The Department of Defense (DOD) continues to revamp the Defense Federal Acquisition Regulation Supplement (DFARS) to simplify and update the text, and to make changes on a variety of subjects, including the length of task and delivery order contracts, and the removal of Morocco as a "designated country." In addition, DOD has issued a FAR class deviation exempting commercial foreign information technology from the provisions of the Buy American Act.



FY 2004 Federal Spending Hit $341.4 Billion

It took a while, but the Federal Procurement Data System (FPDS) finally got around to posting the final results for Fiscal Year (FY) 2004 spending, and the results show that the federal government spent $341.4 billion, an increase of 11.8% over the $305.5 billion spent in FY 2003.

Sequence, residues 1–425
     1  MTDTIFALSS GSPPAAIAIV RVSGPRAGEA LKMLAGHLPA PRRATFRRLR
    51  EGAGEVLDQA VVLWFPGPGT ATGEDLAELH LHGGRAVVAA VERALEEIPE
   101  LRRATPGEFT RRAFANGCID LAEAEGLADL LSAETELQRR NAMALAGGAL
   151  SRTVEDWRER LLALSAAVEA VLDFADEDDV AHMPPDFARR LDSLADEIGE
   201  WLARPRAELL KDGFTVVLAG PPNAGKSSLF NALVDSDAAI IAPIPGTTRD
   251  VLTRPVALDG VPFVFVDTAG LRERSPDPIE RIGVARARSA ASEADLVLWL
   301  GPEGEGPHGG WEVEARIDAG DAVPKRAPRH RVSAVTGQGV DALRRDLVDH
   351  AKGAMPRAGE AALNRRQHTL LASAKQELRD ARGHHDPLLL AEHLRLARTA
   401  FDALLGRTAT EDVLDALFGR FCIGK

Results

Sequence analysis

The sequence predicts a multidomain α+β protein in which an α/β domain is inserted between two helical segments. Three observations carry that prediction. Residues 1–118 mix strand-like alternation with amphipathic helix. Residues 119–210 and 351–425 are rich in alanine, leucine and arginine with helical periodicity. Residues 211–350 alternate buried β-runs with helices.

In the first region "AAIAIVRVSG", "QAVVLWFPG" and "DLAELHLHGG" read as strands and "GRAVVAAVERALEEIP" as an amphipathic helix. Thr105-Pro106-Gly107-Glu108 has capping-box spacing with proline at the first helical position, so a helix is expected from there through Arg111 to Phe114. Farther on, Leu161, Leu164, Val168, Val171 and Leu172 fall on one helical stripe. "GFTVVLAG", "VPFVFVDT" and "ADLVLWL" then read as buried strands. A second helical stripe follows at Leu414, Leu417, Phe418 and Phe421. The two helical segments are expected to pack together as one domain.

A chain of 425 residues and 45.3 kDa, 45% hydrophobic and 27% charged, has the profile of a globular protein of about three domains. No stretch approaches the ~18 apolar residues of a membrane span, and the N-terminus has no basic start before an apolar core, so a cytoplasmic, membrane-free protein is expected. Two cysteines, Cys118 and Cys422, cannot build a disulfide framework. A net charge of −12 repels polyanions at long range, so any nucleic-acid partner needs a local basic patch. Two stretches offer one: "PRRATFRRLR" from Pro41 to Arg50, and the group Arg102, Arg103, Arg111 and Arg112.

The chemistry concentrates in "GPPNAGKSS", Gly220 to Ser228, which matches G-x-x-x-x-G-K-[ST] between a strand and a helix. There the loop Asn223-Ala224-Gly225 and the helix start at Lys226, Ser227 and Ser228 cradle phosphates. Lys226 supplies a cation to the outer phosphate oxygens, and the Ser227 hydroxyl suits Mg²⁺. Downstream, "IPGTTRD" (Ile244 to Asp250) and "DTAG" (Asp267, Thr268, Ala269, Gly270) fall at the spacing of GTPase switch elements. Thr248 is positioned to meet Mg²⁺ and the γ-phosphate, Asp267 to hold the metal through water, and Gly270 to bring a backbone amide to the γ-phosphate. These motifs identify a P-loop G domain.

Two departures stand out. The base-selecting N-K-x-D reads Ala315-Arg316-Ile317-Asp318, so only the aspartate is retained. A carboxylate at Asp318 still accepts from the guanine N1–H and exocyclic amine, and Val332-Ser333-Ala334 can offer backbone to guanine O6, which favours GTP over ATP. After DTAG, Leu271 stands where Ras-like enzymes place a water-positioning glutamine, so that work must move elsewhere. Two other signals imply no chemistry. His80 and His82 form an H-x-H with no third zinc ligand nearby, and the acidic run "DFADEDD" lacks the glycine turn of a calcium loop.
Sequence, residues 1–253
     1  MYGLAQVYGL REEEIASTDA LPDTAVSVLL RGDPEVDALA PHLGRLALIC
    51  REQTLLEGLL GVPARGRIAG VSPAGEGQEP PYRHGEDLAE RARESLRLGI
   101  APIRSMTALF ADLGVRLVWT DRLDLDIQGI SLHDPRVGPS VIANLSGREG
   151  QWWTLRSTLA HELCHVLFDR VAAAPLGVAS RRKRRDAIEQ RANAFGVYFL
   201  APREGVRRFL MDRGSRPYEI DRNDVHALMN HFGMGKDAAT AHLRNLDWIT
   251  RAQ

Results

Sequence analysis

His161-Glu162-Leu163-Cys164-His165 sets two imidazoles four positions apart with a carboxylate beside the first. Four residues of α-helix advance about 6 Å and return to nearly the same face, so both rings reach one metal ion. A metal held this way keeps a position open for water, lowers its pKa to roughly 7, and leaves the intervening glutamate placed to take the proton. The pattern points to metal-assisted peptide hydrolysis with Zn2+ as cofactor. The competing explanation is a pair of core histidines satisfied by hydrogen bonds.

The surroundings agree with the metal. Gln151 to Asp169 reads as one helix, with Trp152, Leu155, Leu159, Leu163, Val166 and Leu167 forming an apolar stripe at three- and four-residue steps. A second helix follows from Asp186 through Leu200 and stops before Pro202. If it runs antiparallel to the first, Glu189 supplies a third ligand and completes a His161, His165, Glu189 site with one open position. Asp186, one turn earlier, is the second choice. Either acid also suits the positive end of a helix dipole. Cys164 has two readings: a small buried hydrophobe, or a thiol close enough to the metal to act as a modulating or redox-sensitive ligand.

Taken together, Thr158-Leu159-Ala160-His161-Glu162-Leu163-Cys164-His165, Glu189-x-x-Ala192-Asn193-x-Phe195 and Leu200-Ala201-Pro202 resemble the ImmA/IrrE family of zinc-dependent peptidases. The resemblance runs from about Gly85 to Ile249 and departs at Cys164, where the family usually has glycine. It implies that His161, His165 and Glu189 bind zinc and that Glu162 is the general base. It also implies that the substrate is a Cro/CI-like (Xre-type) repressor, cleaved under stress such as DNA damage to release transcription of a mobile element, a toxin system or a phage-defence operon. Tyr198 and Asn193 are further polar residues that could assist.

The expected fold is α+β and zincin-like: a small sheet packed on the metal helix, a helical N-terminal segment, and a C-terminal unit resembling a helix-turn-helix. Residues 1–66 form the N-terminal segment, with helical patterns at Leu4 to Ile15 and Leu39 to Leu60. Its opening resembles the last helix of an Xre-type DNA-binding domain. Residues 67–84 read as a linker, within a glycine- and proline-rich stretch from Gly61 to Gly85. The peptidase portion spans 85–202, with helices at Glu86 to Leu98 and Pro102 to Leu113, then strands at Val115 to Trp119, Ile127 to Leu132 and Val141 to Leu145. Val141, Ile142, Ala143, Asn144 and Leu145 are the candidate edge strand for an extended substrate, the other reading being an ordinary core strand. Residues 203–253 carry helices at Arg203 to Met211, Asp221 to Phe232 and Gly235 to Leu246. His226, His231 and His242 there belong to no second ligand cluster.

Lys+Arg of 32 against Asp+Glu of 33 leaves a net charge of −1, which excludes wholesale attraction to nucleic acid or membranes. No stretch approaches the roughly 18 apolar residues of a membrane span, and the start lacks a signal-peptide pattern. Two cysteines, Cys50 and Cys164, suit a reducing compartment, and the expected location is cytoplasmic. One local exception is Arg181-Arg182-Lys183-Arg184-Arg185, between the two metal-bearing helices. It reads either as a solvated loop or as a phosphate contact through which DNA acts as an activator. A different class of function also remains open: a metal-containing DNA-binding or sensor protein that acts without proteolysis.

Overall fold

The following are the largest agencies' FY 2004 spending totals (in billions) and the percentage change from FY 2003:

Defense$238.1+14.1%
Energy$22.1+4.7%
General Services Administration$13.8+60.5%
National Aeronautics and Space Administration$12.5+8.0%
Veterans Affairs$8.9-34.1%
Health and Human Services$8.2+15.5%
Homeland Security*$6.3--
Interior$4.4+2.3%
Justice$4.0-13.0%
Agriculture$4.0-20.0%
State$3.7+12.1%
Treasury$3.4+17.2%
Agency for International Development$1.7+3.2%
Labor$1.7+6.2%
Transportation$1.5-48.9%
Commerce$1.5+13.7%
Education$1.5+51.6%
Environmental Protection Agency$1.1+17.2%
Housing and Urban Development$0.9-4.9%
Social Security Administration$0.8+24.8%
Office of Personnel Management$0.5+47.3%
Miscellaneous Agencies$0.8-19.0%

* Came into existence January 24, 2003 -- FY 2003 partial year total was $3.5 billion.

The following states received the most federal contract money in FY 2004 (in billions). Their FY 2004 rank and dollar amount change are in parentheses, and the percentage change from FY 2003 is in the last column: